The Grays in the Highlands Part 2: Leaving Their Beloved Skibo, Scotland

Skibo Castle, Scotland from Wikimedia

This is the second installment of Chapter 2 of The Gray Clan with my research notes, questions and thoughts added. If you read something and have corrections or additional information I am all ears!

This second part of Chapter 2 contains information on pages 5-7. The content in italics is the original text from the book. My notes and research will appear below it and start with [KG].

Here are links to the other published portions of this series:
The Grays in the Highlands Part 1: The Memories of Thomas Gray

If interested, I’ve created a document where you can view/read the full transcription of Chapter 2 without my research notes.

We have, as yet, no certain knowledge of the exact time that Thomas Gray and his Wife, (Mary James Gray, also of Royal Family,) with their four children-four others born later-left this Scotland home and came to the “New Westmoreland” Wilderness to make their home in the new land, we do not know how much time was consumed, between their leaving Scotland and these beloved scenes, near to Dornoch Firth, but we do have positive proof of their arrival in the new land, because the Deed to the 419 A119 P land is still on record at the Butler County Court House, in Butler, PA. and it is dated April 13, 1792. Bought from the Provincial Government.

[KG] I have yet to research the deed but given the detail on the source, I would say this is a proven fact. I hope to get ahold of this and make it available on the website.

Thomas Gray made very positive statement, that he and his wife and family, were compelled to forsake their beloved homeland, rather than make concessions to prevailing oppressions, which would compromise their stern Calvinistic consciences. Thus, the day came when they prepared to leave Scotland, taking only what they could carry with them, of material things. A bit of clothing, some vessels to prepare their food in, the old brass clock, a prized possession, made in Edinburg, the beloved old Family Bible (Gude-Book) also printed in Edinburg, and most prized of all, their four small children. Sophia b 1784; James b 1786; William b 1789; and ‘wee John’ just cumin twa’. (This was the means of positive identification, to us, when they settled in the ‘New Westmoreland’. John Gray was a soldier in the War of 1812-14 and his Military Record stands, as also his edates on his Headstone, in the old White Oaks Springs Cemetery, on Route 69, out of Butler, PA. (There is also a tradition of some sort of a small Chest that was brought, but there seems no way of locating definite trace of this article.)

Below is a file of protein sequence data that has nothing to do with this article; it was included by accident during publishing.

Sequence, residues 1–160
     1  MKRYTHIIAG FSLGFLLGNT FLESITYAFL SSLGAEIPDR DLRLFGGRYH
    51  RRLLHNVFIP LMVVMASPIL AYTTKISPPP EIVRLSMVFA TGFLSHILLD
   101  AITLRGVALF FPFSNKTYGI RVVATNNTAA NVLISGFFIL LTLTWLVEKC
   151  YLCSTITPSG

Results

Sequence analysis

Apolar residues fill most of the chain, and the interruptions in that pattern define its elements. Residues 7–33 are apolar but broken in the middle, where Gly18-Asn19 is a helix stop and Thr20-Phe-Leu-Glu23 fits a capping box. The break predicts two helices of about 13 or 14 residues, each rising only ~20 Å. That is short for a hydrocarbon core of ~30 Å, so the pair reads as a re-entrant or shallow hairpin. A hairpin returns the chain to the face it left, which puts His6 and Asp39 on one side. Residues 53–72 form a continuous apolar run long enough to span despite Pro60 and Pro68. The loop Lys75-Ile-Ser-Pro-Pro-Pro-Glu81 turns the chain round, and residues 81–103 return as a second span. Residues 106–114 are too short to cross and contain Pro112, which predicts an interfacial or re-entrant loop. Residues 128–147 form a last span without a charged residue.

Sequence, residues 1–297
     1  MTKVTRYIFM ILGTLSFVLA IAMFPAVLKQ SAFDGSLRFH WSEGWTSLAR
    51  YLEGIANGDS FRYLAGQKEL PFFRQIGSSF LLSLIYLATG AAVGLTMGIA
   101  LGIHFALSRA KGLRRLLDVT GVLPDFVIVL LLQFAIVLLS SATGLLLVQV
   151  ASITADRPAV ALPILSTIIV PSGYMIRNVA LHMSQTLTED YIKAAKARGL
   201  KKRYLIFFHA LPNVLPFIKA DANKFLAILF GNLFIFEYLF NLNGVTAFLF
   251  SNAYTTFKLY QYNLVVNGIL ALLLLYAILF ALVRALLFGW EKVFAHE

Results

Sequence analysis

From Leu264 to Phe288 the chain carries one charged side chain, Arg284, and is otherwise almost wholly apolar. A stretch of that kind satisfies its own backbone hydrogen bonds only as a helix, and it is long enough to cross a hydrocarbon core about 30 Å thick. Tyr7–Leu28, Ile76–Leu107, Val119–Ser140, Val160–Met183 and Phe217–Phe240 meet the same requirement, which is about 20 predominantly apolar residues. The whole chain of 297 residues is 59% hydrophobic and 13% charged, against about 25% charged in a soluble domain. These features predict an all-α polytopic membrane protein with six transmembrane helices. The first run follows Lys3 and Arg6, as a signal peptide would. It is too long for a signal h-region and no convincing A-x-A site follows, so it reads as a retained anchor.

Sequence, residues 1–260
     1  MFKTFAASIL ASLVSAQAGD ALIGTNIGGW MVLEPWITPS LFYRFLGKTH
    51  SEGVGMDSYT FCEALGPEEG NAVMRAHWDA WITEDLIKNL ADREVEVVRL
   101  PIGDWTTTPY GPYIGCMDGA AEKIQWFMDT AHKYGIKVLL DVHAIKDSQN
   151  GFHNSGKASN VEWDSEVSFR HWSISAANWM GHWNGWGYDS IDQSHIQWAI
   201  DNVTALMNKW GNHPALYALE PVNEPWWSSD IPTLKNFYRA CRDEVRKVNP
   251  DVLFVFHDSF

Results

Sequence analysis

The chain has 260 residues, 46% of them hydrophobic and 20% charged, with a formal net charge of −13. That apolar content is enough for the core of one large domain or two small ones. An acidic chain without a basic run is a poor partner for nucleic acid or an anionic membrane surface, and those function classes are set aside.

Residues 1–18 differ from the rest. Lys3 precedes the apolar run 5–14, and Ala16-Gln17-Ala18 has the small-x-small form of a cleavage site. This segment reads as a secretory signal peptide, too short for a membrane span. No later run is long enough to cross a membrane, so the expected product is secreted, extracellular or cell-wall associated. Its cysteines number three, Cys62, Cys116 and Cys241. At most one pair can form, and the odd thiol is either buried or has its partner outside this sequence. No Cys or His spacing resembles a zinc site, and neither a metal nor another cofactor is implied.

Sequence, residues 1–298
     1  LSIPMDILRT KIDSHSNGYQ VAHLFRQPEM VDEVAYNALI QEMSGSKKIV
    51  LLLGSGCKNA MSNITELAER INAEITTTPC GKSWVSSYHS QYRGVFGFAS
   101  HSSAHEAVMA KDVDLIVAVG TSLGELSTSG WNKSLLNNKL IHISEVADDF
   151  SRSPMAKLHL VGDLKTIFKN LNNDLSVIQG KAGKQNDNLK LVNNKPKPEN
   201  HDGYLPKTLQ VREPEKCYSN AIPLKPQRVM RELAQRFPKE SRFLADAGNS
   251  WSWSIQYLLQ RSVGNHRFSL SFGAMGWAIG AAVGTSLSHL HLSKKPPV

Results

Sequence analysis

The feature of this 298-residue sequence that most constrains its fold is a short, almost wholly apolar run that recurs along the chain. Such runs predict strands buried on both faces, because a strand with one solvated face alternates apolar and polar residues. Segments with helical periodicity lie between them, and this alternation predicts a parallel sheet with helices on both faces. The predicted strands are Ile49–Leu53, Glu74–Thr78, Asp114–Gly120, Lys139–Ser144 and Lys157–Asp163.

[KG] The statement regarding the need to leave their homeland coincides with the timing of the Highland Clearances and known historical facts that would back this sentiment. Finding John Gray’s military record is also on the research to-do list!

Letters were very unusual, rather of the type of a message, sent by courier, but someone had brought word back, from over the Sea, of a beautiful Country where they could live without oppression, with the ‘pull-haul’ of false leaders, who imposed the death sentence for the slightest infraction of law-just or unjust.

They were told that they could worship their God as they wished, no need to hide their inner-most heart-felt worship, no need to hide the cherished Bible, the Word-o-the ‘Gude-Mon’ for their guidance and comfort.

We know positively, that they left Skibo, in Northern Scotland, without formality of selling the broad Acres, the lovely Mountains, the small scattered Villages, the comfortable spots, where a “wee hoose” cuddled in a beautiful spot, sheltered from wind and storm, the heather covered hills rising back of it’ the deep roots of Centuries of living, the long and honorable struggle of a race, who wanted freedom of action, cleanness of living and conscience devoid of forced wrong doing.

They left their wealth of tradition, their home ties, their folk-songs lore, their William Wallace, and Robert Bruce, whose glories will never die, as long as Scottish memories endure.

Nostalgic memories of the faces, places and events, remain to bless and sear and burn, the slow tranquil passage of time, noted by Sundials, in the Garden, moon marks on the floor and window sill, or on the doorway, floors scoured bone white, where the sun shines straight through the house at even tide.

[KG] I found a quote in an article from The Society of the Propagation of Christian Knowledge in 1791 that “over the previous 19 years more than 6,400 people emigrated from the Inverness and Ross areas.” Ross lands were on the other side of the Dornoch Firth and according to the Scottish Antiquary passage mentioned in the first part of my research on this chapter, the Grays initially came to the north settling in Ross. It’s quite possible that they had friends or family members from those 6,400 people mentioned that had emigrated to the US and sent word. People often settled near other family members or acquaintances that had gone before them. I think it would be worth researching neighboring land owners in Butler County, PA to see if we could find details on where they were from. It may give us more insight on Thomas and Mary.